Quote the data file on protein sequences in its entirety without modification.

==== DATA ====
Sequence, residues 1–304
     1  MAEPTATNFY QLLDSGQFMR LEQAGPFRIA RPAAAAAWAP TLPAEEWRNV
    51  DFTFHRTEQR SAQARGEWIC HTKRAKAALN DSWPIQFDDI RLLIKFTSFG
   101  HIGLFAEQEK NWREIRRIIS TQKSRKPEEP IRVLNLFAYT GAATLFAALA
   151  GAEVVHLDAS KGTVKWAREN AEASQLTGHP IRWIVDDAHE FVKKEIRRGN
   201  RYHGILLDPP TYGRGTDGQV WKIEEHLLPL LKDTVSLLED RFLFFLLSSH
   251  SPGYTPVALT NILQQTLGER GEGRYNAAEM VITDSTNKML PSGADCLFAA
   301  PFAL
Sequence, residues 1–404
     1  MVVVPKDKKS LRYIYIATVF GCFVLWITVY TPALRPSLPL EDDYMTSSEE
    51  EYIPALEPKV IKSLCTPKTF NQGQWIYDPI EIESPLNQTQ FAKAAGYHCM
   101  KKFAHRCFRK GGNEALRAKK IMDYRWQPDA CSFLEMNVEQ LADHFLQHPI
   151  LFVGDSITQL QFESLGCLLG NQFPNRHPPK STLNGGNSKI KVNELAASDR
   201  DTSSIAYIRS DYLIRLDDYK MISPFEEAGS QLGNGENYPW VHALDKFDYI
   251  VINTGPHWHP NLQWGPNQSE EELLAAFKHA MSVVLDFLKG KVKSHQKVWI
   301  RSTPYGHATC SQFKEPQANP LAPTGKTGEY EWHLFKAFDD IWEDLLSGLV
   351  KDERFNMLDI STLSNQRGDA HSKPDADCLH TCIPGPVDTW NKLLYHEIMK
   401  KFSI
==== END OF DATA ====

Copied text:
Sequence, residues 1–304
     1  MAEPTATNFY QLLDSGQFMR LEQAGPFRIA RPAAAAAWAP TLPAEEWRNV
    51  DFTFHRTEQR SAQARGEWIC HTKRAKAALN DSWPIQFDDI RLLIKFTSFG
   101  HIGLFAEQEK NWREIRRIIS TQKSRKPEEP IRVLNLFAYT GAATLFAALA
   151  GAEVVHLDAS KGTVKWAREN AEASQLTGHP IRWIVDDAHE FVKKEIRRGN
   201  RYHGILLDPP TYGRGTDGQV WKIEEHLLPL LKDTVSLLED RFLFFLLSSH
   251  SPGYTPVALT NILQQTLGER GEGRYNAAEM VITDSTNKML PSGADCLFAA
   301  PFAL
Sequence, residues 1–404
     1  MVVVPKDKKS LRYIYIATVF GCFVLWITVY TPALRPSLPL EDDYMTSSEE
    51  EYIPALEPKV IKSLCTPKTF NQGQWIYDPI EIESPLNQTQ FAKAAGYHCM
   101  KKFAHRCFRK GGNEALRAKK IMDYRWQPDA CSFLEMNVEQ LADHFLQHPI
   151  LFVGDSITQL QFESLGCLLG NQFPNRHPPK STLNGGNSKI KVNELAASDR
   201  DTSSIAYIRS DYLIRLDDYK MISPFEEAGS QLGNGENYPW VHALDKFDYI
   251  VINTGPHWHP NLQWGPNQSE EELLAAFKHA MSVVLDFLKG KVKSHQKVWI
   301  RSTPYGHATC SQFKEPQANP LAPTGKTGEY EWHLFKAFDD IWEDLLSGLV
   351  KDERFNMLDI STLSNQRGDA HSKPDADCLH TCIPGPVDTW NKLLYHEIMK
   401  KFSI